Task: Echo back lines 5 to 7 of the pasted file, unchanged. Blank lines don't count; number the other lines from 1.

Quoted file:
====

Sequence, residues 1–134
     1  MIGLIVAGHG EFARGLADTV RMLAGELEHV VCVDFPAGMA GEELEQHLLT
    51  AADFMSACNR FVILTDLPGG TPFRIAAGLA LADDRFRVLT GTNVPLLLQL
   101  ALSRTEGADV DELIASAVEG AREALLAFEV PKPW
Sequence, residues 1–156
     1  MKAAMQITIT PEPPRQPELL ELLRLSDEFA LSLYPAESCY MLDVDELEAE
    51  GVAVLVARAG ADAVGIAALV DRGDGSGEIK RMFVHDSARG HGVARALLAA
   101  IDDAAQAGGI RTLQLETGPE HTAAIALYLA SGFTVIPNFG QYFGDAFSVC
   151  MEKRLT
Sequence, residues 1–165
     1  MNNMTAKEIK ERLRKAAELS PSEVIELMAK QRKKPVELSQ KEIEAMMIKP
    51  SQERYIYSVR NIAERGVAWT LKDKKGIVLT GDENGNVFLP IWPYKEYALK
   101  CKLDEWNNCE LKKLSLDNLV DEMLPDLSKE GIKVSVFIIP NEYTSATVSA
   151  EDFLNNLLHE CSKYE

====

Sequence, residues 1–156
     1  MKAAMQITIT PEPPRQPELL ELLRLSDEFA LSLYPAESCY MLDVDELEAE
    51  GVAVLVARAG ADAVGIAALV DRGDGSGEIK RMFVHDSARG HGVARALLAA